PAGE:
AAAs coordinate and offer services that help older adults remain in their home, if that is their preference. Services might include Meals-on-Wheels, homemaker assistance, and whatever else it may take to enable the individual to stay in his or her own home. By making a range of options available, AAAs make it possible for older individuals to choose home-and community-based services and a living arrangement that suits them best. (See Eldercare Locator.)

  • Assisted Living/Personal Care Homes/Residential Care Facilities

    A state-regulated residential long-term care option that may have different names depending on the state. Assisted living provides or coordinates oversight and services to meet residents’ individualized, scheduled needs, based on the residents’ assessment and service plans, and their unscheduled needs as they arise. There are more than 26 designations that states use to refer to what is commonly known as “assisted living.” There is no single uniform definition of assisted living, and there are no federal regulations for assisted living. In many states, most assisted living is private pay. Be sure to check with your state about any waiver programs that might be available through Medicaid to pay for the care provided in assisted living.

  • Autonomy

    A person’s ability to make their own choices.


  • Care or Case Manager

    A nurse, social worker, or other healthcare professional who plans and coordinates services for an individual’s care. This person usually works for an agency or care setting. (Also see Geriatric Care Manager.)

  • Care Plan

    A detailed written plan that describes what is needed for an individual’s care and provided by a range of health professionals, including nurses, therapists, social workers, nursing or personal assistants. For those living at home, a good care plan should also list the caregiving activities that family members are able to do, need help learning how to do, and will be doing. “I” Care Plans are written in the first person, as if the person receiving care wrote it her- or himself, and express the desires of the individual for her or his care. Care plans can describe the risks that an individual is prepared to take in exercising his or her autonomous self-determination and choice. Creating the care plan should involve an interdisciplinary team of the care recipient, caregivers, including the nursing assistant, as well as the family as appropriate.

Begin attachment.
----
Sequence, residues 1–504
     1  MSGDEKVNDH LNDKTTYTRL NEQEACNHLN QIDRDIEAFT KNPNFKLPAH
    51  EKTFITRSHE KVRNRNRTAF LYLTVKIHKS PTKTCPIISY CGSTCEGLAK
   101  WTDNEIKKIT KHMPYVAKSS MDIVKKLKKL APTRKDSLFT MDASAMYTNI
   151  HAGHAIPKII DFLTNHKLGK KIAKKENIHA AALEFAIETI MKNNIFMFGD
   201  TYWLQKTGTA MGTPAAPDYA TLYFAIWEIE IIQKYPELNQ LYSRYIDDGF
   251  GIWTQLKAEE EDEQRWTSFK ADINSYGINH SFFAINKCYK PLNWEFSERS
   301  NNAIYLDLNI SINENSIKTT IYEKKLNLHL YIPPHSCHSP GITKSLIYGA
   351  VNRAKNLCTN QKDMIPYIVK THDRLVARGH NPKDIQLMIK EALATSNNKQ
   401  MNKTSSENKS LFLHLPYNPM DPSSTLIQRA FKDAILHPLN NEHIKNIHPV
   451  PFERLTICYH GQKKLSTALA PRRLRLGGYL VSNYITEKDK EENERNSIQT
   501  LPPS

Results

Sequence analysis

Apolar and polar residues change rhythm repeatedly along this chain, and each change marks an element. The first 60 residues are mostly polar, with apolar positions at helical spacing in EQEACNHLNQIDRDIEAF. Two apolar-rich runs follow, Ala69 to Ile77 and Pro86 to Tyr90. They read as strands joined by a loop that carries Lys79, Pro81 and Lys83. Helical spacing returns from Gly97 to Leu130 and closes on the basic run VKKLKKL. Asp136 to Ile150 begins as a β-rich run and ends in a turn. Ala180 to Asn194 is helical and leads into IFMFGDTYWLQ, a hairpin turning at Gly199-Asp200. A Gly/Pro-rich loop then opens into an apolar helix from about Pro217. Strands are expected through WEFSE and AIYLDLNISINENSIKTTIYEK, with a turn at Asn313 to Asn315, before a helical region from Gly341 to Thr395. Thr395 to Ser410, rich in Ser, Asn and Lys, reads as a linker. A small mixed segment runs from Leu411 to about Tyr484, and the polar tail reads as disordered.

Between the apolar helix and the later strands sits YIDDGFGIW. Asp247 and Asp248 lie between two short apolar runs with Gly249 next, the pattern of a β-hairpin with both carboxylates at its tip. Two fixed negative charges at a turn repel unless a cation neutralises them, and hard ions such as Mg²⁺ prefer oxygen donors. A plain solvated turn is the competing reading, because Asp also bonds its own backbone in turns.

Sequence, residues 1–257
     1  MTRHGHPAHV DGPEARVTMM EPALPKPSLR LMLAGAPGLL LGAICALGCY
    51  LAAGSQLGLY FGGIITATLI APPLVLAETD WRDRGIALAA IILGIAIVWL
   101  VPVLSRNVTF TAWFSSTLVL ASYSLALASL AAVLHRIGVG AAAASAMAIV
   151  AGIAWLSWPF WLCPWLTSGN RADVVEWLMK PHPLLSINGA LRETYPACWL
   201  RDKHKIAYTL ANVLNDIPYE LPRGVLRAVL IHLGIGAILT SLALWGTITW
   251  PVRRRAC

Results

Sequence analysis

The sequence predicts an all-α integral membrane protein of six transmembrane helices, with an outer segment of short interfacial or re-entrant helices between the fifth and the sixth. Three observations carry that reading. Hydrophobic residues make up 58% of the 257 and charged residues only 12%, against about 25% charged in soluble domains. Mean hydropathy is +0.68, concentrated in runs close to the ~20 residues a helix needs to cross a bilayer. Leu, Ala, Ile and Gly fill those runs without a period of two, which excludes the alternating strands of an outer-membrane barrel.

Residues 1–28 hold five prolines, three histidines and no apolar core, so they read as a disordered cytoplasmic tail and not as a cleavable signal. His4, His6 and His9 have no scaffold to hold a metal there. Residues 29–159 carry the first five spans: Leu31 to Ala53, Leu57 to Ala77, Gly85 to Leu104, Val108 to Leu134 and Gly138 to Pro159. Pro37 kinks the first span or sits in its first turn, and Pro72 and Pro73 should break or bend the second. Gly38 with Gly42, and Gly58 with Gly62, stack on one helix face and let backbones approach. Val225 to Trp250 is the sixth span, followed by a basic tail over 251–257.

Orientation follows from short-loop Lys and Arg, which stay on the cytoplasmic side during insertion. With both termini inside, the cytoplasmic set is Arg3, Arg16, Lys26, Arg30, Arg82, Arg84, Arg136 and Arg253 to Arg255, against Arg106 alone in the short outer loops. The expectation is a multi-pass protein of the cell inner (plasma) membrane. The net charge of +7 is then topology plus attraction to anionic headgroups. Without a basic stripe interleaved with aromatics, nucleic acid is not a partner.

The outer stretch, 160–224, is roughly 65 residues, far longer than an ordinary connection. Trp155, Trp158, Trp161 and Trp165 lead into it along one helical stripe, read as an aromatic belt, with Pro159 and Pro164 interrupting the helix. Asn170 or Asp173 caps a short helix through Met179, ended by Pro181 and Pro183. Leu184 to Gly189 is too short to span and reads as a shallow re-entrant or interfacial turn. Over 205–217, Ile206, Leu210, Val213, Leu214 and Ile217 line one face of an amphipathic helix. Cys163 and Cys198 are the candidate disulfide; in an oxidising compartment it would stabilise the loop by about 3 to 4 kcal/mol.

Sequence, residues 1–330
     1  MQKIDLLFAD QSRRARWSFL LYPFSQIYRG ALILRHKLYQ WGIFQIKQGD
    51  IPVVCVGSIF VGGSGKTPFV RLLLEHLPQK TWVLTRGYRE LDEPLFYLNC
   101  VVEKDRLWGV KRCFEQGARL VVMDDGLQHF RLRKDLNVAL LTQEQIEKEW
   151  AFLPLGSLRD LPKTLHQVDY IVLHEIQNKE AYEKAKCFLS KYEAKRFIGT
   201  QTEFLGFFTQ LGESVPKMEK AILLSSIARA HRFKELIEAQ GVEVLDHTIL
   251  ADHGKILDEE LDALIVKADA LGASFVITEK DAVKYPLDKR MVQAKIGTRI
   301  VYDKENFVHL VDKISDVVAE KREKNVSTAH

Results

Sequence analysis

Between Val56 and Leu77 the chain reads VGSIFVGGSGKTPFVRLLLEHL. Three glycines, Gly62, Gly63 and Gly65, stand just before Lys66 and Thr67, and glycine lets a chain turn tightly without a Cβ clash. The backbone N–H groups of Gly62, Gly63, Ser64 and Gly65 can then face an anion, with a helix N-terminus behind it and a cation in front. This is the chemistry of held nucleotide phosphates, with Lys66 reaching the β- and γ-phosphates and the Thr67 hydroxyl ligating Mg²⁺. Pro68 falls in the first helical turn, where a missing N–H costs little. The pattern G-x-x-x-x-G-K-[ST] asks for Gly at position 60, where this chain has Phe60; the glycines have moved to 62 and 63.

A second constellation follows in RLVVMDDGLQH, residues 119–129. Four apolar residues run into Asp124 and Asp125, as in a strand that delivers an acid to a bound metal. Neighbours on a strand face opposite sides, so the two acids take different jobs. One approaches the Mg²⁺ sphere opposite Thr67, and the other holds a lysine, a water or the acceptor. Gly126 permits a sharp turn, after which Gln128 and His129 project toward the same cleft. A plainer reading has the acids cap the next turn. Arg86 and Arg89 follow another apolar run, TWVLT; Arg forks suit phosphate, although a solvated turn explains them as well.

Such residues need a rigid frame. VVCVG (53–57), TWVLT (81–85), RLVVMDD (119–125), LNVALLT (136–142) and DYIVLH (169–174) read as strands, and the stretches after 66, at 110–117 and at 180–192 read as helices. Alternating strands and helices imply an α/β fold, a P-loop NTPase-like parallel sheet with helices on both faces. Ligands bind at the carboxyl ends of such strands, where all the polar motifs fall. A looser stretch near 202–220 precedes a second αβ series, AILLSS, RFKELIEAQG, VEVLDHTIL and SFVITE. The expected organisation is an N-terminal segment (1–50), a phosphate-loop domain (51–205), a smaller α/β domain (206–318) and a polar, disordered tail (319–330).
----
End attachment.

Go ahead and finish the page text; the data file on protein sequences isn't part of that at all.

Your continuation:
• Caregiver

    A caregiver is a spouse, family member, partner, friend, or neighbor who helps care for an elder or person with a disability who needs assistance.

  • Case Management

    Assistance for families in assessing the needs of older adults and making arrangements for services to help the older adult remain as independent as possible.

  • Centers for Medicare & Medicaid Services (CMS)

    With a budget of approximately $650 billion and serving approximately 90 million beneficiaries, the Centers for Medicare & Medicaid Services (CMS) plays a key role in the overall direction of the healthcare system. With regard to long-term care, CMS is responsible for regulating and paying nursing homes, home health agencies, and hospices for the care of Medicare and Medicaid (in conjunction with the states) beneficiaries.

  • Certified Nursing Assistant (CNA)

    A person trained and certified to assist individuals with non-clinical tasks such as eating, walking, and personal care. (See definitions for Personal Care and ADLs.) This person may be called a “direct care worker” (DCW). In a hospital or nursing home the person may be called a nursing assistant, a personal care assistant, or an aide.

  • Citizen Advocacy Group (CAG)

    A CAG is a state or regional nonprofit organization dedicated to improving the quality of long-term care. Members of a CAG may include long-term care recipients, their families and friends, citizen advocates, long-term care ombudsmen, and organizations subscribing to the CAG’s purpose.

  • Clinical Trials

    Clinical trials are research studies conducted in people to determine whether treatments are safe and effective. Clinical trials are the best way for researchers to find new ways to detect, slow, treat and hopefully someday prevent Alzheimer’s disease.

  • Cognition

    The process of knowing; of being aware of thoughts. The ability to reason and understand.

  • Cognitive Impairment